Liquid crystal elastomers (LCEs) are materials that combine the reversible ordering properties of liquid crystal molecules, i.e., mesogens, with the elastic nature of a cross-linked polymer network. They undergo significant shape changes when exposed to external stimuli such as temperature or light. These external fields disrupt the mesogen orientational order, causing the entire LCE network to reconfigure. This results in material deformation, which returns to its initial shape after the stimuli are removed, with the original network configuration re-established by the elastic and self-ordering nature of the LCE1.

For these materials to exhibit significant shape changes, a well-defined orientational order of liquid crystal components or mesogens needs to be established with an applied orientational field and imprinted within the material through the crosslinking of the LCE network. This fixation of the mesogen arrangement ensures that the same structure is reestablished after each stimulus, enabling consistent shape changes. LCEs are classified as monodomain when the mesogens are well-ordered across the entire sample; otherwise, they self-assemble into smaller ordered but randomly oriented domains to form a polydomain material. Such polydomain LCEs do not undergo significant shape changes upon activation.

To fabricate shape-morphing LCEs, programming the orientation of the mesogens is an essential step. This process was pioneered by Finkelmann et al. through the introduction of a two-step crosslinking procedure2. In this approach, mechanical stress is applied to realign the mesogen components of a partially crosslinked LCE, creating a monodomain LCE network topology. This orientation is then preserved through further crosslinking, resulting in thermomechanical actuation of LCEs. Since then, several new synthesis techniques have emerged for programming shape-changes in LCEs. These include using light-patterned cells for surface alignment, external electric or magnetic fields for 3D control of LC orientation, shear-flow alignment utilized for additive manufacturing, and other innovative methods. However, existing synthesis methods often limit the size and shape of LCEs, as well as the freedom to control their orientation.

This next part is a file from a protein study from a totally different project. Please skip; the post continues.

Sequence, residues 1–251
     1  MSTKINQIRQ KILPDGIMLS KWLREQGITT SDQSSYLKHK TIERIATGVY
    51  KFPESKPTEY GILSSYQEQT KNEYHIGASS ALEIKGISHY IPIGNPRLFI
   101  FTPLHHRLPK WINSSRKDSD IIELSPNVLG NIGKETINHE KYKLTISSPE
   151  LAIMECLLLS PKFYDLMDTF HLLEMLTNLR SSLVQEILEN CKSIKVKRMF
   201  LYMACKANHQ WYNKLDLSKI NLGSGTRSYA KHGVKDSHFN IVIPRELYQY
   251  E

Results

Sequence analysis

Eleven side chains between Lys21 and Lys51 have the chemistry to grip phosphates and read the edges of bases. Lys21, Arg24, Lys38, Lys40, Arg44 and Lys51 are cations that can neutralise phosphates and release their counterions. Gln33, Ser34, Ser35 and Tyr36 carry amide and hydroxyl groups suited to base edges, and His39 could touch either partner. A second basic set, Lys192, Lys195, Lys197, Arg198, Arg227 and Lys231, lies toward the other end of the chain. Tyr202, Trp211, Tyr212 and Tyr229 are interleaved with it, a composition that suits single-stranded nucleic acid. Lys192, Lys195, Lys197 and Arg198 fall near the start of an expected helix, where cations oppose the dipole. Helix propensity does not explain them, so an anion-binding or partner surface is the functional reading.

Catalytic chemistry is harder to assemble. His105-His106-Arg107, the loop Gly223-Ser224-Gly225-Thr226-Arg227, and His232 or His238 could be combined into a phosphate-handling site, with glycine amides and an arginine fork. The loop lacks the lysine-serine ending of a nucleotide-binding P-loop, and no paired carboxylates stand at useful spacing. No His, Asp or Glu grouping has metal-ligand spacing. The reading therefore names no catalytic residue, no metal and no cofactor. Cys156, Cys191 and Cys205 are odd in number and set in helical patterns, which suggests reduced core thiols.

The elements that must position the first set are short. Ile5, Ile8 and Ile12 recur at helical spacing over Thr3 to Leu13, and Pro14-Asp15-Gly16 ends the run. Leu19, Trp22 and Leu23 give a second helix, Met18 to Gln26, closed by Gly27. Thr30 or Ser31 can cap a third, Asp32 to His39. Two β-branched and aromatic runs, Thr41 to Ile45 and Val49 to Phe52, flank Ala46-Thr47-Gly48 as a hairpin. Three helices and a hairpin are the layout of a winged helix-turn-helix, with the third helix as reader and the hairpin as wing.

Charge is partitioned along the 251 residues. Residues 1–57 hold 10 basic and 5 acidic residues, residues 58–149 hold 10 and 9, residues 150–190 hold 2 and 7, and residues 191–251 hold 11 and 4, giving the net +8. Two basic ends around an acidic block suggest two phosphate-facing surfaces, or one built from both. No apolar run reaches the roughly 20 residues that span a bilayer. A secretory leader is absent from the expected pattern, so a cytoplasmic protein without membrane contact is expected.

In its basic form, the synthesis of LCEs typically involve three main steps: partial crosslinking to create an isotropic system of orientable polymer chains, followed by the mesogen alignment, and final crosslinking to preserve the aligned LCE network configuration. The synthesis steps can indeed be merged together to provide an in-situ alignment and polymerization, such as in the case of shape programming with surface alignment. Nevertheless, combining different orientational fields and crosslinking methods is shown to be complex, thereby hampering full control over mesogen alignment and geometrical freedom (Fig. 1). As an example, a typical two-step LCE synthesis via thermally induced polymerization often relies on the use of significant amounts of solvents, necessary to ensure the production of a homogeneous mixture and increase the mobility of the reactants, especially during the first partial crosslinking stage. Following the molding process, these solvents must be completely removed prior or after the completion of the final crosslinking reaction, leading to the deformation of the cured LCEs due to deswelling. Furthermore, given that these reactions are conducted at elevated temperatures, an additional thermomechanical relaxation might be expected to occur upon cooling of the aligned specimen. This hampers precise control over the programmed and actuated shapes, especially when aiming for the synthesis of more complex and precisely defined geometries. An alternative approach involves photocuring with UV light3,4, which can eliminate the need for high temperatures during the synthesis. However, this synthesis process faces constraints due to the limited penetration length of light during curing, which restricts the achievable thickness in the synthesized LCE to several hundred micrometers. It is therefore not possible to use conventional photopolymerization processes to mold LCEs into bulk systems with a thickness comparable to other dimensions, typically in the centimeter range, unless relying on layering or additive manufacturing techniques. Obstacles such as these greatly hinder the transition of LCEs from a proof-of-concept material to practical application in real-life devices.